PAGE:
Autosomal recessive hypophosphatemic rickets type 2 (ARHR2)

(OMIM phenotype number #613312)

Autosomal recessive hypophosphatemic rickets (ARHR) is an extremely rare disease, characterized by hypophosphatemia resulting from renal phosphate wasting (See also ARHR1). Autosomal recessive hypophosphatemic rickets type 2 (ARHR2) is caused by homozygous loss-of-function mutation in the ENPP1 gene. ENPP1 encodes a protein called ectonucleotide pyrophosphatase/ phosphodiesterase 1 (NPP1), which is a major generator of extracellular pyrophosphate (PPi). Because PPi inhibits calcification (hydroxyapatite crystal deposition and growth), homozygous inactivating mutations in ENPP1 gene are also responsible for generalized arterial calcification of infancy (see also GACI). In patients with ARHR2, high circulating levels of FGF23 have been described. FGF23 is a secreted protein, which reduces expression of sodium-phosphate co-transporters, NPT2a and NPT2c, resulting in renal phosphate wasting, diminishs the renal 1α-hydroxylase and increases the 24-hydroxylase activity. Moreover, FGF23 acts at the parathyroid gland to decrease parathyroid hormone synthesis and secretion. Currently, it is unclear how mutations in ENPP1 gene results in high FGF23 levels.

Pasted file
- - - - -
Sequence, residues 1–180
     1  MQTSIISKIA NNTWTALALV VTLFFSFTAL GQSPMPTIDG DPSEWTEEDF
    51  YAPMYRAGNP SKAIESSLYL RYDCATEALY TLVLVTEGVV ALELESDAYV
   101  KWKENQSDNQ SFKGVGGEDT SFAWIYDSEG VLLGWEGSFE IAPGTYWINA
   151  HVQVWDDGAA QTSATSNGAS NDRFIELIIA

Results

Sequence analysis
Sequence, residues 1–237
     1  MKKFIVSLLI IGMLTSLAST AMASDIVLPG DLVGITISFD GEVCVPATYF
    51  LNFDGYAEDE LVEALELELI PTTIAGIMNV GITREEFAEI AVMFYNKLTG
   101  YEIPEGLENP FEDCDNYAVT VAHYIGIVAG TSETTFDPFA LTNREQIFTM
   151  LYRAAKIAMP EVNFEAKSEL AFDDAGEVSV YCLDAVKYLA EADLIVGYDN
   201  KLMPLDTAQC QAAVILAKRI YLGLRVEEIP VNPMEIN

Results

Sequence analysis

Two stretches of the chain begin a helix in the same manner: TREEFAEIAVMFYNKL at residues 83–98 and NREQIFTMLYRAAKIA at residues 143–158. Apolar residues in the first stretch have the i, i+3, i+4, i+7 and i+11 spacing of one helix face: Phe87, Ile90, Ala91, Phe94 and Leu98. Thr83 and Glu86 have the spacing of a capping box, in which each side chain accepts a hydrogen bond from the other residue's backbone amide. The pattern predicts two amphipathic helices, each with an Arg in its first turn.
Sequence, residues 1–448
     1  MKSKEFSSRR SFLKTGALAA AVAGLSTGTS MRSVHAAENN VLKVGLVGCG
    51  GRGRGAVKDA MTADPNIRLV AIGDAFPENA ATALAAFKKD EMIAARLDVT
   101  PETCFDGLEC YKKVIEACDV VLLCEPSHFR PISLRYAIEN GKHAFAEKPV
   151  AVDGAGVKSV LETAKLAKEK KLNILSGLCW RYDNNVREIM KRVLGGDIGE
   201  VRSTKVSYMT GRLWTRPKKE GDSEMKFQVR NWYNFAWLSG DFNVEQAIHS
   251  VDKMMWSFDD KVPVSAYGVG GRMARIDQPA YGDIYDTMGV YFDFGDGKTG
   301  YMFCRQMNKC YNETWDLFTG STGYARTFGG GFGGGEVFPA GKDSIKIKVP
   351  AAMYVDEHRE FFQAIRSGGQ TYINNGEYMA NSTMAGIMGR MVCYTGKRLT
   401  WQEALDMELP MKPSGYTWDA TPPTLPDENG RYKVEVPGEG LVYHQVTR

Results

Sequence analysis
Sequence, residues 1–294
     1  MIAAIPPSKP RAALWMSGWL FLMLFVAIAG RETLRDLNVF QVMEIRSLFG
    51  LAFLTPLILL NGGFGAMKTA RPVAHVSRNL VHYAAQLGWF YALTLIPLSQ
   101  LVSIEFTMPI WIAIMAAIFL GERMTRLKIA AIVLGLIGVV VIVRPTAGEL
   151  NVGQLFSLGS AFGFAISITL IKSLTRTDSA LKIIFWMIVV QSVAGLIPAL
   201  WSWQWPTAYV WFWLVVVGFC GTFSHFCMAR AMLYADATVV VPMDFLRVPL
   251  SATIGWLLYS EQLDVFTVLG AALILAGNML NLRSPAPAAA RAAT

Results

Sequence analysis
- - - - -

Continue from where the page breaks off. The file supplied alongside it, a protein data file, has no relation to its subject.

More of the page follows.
Gene

ENPP1 gene, 6q23.2 (OMIM gene/locus number *173335)

Phenotype

Short stature; limited movement of spine and hip, calcification of the ligaments at the bony insertions sites, high bone density at the base of skull, clavicle and rib anomalies, and enthesopathies.

Main biochemical alterations

High Ur P, low Pi, low renal TmP/GFR, normal Ca, low-normal Ur Ca, normal 25 OH D; low-normal 1,25(OH)2D, high bone ALP, high intact FGF23, and normal PTH.

Image

Fig. Radiography shows dense ossification of the anterior longitudinal ligament.

Reproduced from Mehta P, Mitchell A, Tysoe C, et al., Novel compound heterozygous mutations in ENPP1 cause hypophosphataemic rickets with anterior spinal ligament ossification, Rheumatology (Oxford) 2012;51:1919-21, by permission of Oxford University Press.

Other resource

www.parathyroid.com

References

  1. Lorenz-Depiereux B, Schnabel D, Tiosano D, et al. Loss-of-function ENPP1 mutations cause both generalized arterial calcification of infancy and autosomal-recessive hypophosphatemic rickets. Am J Hum Genet. 2010 Feb 12;86(2):267-72.
  2. Saito T, Shimizu Y, Hori M, et al. A patient with hypophosphatemic rickets and ossification of posterior longitudinal ligament caused by a novel homozygous mutation in ENPP1 gene. Bone. 2011 Oct;49(4):913-6.
  3. Feng JQ, Ward LM, Liu S, et al. Loss of DMP1 causes rickets and osteomalacia and identifies a role for osteocytes in mineral metabolism. Nat Genet. 2006 Nov;38(11):1310-5.
  4. Masi L, Agnusdei D, Bilezikian J et al. Taxonomy of rare genetic metabolic bone disorders. Osteoporos Int. 2015 Jun 13.
  5. http://www.omim.org